Showing posts with label Casey Stengel. Show all posts
Showing posts with label Casey Stengel. Show all posts

Thursday, February 4, 2010

Solly Hemus recalls his days with the 1962 New York Mets

The 21st annual BAT dinner in New York City provided me the opportunity to catch up with one of the coaches of the inaugural 1962 New York Mets. Solly Hemus, now 86 and living in Houston, was in New York to attend the dinner which supports former baseball players who are experiencing financial and medical hardships.

“I have been involved with the BAT for 20 years," Hemus said. "Joe Garagiola got me involved. They're trying to help other ballplayers who have problems. I like to see the other ballplayers that you played with. We needle each other pretty well. It's a great gathering. We get together and tell a bunch of lies. Garagiola, he's getting ready to hit .400!”
Solly Hemus as a coach with the 1962 New York Mets / Author's Collection
After playing 11 seasons in the majors with the St. Louis Cardinals and Philadelphia Phillies, Hemus served for three seasons as the manager of the Cardinals from 1959-61. One of those seasons was in the rare role of player-manager. After being fired halfway through the 1961 season, the opportunity arose to join the start-up franchise in Queens.

“George Weiss, the General Manager, brought me on board to the Mets in 1962," he recalled. "Casey Stengel was one of the smartest managers in baseball and Weiss was an excellent GM, so I knew I couldn't lose.”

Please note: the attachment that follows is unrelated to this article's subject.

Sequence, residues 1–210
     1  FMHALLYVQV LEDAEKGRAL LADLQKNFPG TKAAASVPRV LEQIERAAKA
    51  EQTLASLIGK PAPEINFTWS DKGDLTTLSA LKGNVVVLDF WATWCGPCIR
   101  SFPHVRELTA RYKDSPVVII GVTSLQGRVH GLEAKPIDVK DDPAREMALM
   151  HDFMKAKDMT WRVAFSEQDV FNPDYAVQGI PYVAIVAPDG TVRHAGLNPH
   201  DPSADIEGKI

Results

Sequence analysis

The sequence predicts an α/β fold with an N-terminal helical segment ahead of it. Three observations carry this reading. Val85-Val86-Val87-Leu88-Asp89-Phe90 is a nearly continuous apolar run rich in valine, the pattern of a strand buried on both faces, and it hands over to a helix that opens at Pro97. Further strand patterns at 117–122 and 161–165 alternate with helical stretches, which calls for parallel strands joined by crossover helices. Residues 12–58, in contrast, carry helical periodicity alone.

Joining the “Old Professor” might not have been a losing situation for Hemus, but he sensed the ride for the 1962 season was going to be a rough one. The Mets brought in a lot of older players that resonated with the New York faithful, but were a bit long in the tooth to recapture the form of their glory days.

“I knew we were going to have a problem [as] a lot of ballplayers we picked up were for name recognition," he said. "New York always wanted the big names: Hodges, Ashburn, Craig ... people like that. You knew they were coming to the end. Craig's fastball lost a little bit, Hodges was always a great first baseman, Ashburn had a little fire left in him, and Frank Thomas had a great year, but overall they didn't have the type of ballplayers you would like to stock a team with.”

The Mets 1962 season was filled with miscues that were typical of a new franchise. He recounted a bad luck story from his view in the third base coach's box with “Marvelous” Marv Throneberry that exemplified the team's struggles.

“It was about the eighth inning in the Polo Grounds, there were two outs, we were behind by one run and there were two men on base," Hemus recalled. "He hits the ball into one of the gaps, right center I guess. He comes all the way around to third base, makes a perfect slide and they call him safe. They then threw the ball to second base, and said Marv missed second base. Casey goes running out there, and Augie Donatelli the umpire stopped him and said, 'Casey, you better get out of here, because he missed first and second!'”